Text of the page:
Secondly, Adams goes to a great deal of trouble to try to prove that if the manna is not sacramental, then the entire paedo argument falls to the ground. It should have given him pause that when he quotes so many paedobaptists to negate Calvin’s point (which he does in the positive post and the rejection of the paedo position post), yet those paedos still argue the paedo position. Maybe the paedo position overall does not hinge on whether the manna is sacramental, and whether “the same” means “the same as what we partake of” or whether it means “they all had the same spiritual food among themselves.” To tell the truth, I have not really considered the matter of whether the manna was sacramental before reading Adams’s post, but if I had to take a position on it, I would probably say that the manna was not sacramental. It was their daily bread, and Christ does draw typological significance from the spiritual aspects of manna, but I would agree with Hodge that it falls short of sacramental significance. The typological antecedent for the Lord’s Supper is Passover, not manna, and even with Passover, there is both continuity and discontinuity. This brings us to the next point.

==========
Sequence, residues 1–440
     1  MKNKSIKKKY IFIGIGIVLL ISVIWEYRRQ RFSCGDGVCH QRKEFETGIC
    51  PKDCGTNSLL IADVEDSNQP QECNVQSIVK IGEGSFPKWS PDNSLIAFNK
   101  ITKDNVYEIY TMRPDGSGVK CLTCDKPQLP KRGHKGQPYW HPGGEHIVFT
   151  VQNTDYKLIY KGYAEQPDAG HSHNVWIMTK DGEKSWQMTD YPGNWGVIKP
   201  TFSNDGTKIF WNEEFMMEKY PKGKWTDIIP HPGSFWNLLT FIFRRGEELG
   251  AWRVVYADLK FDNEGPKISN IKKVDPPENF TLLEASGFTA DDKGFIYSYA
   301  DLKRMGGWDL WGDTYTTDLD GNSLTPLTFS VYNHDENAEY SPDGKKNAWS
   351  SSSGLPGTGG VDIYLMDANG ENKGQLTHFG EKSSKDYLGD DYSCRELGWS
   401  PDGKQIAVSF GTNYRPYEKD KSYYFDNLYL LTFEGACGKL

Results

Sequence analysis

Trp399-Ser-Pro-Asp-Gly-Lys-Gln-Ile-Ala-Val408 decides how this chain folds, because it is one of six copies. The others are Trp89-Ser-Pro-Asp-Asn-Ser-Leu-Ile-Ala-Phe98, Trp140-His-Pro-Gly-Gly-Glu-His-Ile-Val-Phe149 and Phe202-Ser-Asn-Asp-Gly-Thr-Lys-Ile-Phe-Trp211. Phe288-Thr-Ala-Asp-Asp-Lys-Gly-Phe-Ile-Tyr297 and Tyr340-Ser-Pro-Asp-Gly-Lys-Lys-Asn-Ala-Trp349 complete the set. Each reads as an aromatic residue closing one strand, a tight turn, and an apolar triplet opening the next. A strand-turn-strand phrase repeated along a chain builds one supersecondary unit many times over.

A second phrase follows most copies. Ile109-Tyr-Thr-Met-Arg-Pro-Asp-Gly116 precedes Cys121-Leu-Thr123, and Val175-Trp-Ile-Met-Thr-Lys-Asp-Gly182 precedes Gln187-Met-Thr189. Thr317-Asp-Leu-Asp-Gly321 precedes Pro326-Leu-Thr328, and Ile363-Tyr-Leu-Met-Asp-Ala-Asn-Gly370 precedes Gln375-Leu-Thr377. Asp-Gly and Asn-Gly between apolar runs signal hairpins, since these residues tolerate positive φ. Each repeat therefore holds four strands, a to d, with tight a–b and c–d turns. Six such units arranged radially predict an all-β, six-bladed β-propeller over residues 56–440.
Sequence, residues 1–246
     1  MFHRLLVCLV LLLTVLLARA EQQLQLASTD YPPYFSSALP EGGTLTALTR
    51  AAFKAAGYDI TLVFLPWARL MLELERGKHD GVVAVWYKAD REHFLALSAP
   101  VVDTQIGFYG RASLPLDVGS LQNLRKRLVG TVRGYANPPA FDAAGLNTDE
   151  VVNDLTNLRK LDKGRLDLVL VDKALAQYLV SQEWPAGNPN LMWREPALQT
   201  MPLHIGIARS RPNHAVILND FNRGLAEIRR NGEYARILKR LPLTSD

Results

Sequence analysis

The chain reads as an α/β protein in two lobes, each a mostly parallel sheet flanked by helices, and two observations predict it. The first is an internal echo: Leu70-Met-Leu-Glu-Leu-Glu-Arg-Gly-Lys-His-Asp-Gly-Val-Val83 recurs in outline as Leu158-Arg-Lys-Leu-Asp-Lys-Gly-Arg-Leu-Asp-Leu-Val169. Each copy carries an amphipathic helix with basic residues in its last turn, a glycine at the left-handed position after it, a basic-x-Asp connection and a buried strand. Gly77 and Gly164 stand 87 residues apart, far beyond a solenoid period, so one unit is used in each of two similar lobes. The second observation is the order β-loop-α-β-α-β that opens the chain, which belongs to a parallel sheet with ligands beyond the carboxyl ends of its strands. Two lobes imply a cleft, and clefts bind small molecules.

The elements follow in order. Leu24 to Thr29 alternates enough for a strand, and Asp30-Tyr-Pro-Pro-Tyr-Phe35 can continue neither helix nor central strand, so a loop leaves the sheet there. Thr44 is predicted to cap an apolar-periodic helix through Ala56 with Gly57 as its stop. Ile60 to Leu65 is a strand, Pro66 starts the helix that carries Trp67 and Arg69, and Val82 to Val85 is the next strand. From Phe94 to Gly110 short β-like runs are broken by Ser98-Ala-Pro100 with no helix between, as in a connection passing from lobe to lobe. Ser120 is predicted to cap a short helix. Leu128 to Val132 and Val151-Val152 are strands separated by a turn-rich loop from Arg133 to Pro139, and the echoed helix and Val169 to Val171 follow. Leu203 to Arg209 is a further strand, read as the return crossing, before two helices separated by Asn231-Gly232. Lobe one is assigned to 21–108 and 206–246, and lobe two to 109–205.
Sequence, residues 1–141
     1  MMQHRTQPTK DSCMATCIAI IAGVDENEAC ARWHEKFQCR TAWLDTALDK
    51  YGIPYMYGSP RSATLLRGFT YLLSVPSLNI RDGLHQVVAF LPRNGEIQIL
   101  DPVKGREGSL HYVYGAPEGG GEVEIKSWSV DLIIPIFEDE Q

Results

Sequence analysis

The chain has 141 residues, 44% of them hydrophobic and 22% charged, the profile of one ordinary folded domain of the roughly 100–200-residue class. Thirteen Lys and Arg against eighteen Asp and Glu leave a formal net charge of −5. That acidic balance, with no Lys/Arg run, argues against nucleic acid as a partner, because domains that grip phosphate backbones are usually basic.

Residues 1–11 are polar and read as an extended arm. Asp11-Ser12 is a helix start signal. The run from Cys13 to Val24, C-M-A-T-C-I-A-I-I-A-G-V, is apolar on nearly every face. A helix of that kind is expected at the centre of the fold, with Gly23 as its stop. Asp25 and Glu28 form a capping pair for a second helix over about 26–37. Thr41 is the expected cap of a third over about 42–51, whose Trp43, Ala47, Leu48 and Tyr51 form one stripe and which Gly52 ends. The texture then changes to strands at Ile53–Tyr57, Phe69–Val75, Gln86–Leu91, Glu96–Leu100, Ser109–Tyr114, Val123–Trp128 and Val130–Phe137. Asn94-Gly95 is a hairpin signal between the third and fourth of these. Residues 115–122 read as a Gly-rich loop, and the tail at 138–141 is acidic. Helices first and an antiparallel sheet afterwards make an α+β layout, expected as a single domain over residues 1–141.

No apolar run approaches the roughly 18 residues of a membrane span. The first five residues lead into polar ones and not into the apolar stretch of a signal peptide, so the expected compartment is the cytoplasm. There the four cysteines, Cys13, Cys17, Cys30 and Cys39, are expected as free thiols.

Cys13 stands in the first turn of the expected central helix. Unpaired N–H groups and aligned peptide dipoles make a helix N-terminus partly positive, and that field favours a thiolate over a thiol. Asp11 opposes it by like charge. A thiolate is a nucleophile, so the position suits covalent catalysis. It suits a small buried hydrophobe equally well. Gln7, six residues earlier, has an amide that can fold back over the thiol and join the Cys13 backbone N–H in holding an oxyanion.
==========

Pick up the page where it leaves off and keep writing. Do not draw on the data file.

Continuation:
I am more than a bit surprised that Adams brought out the tired argument connecting baptism and the Lord’s Supper together, that if paedos treat baptism this way, then the Lord’s Supper must also be treated in this way, and we have to be paedocommunionist in order to be consistent. This argument has been so thoroughly answered by Cornel Venema’s book Children at the Lord’s Table? that it is irresponsible for a credo Baptist simply to throw this argument in paedos’ faces as if we have never considered the matter before. Almost every major paedo treatment of the subject answers this objection. Adams references precisely zero answers to this objection. The two important points that have to be said in response are these. 1. The paedo position recognizes that the two sacraments have important differences, differences strong enough to preclude treating them in the same way that credos say we must. These differences mostly involve the difference between passive reception in baptism, and both passive and active components in the Lord’s Supper. The reason for this difference is 1 Corinthians 11, which is not mentioned even once in Adams’s piece (also irresponsible, since it is directly relevant to his objection, and is part of the immediate context of 1 Corinthians 10). 1 Corinthians 11 describes how the Lord’s Supper is to be engaged. See Venema’s book for a thorough treatment of the passage. His conclusions are that 1 Corinthians 11 describes how all people are to partake, and that this requirement precludes infants from participating. So, if 1 Corinthians 10 comes in the context of 1 Corinthians 11, it wouldn’t matter whether the manna was sacramental or not, since chapter 11 would modify the participation aspect for today’s church.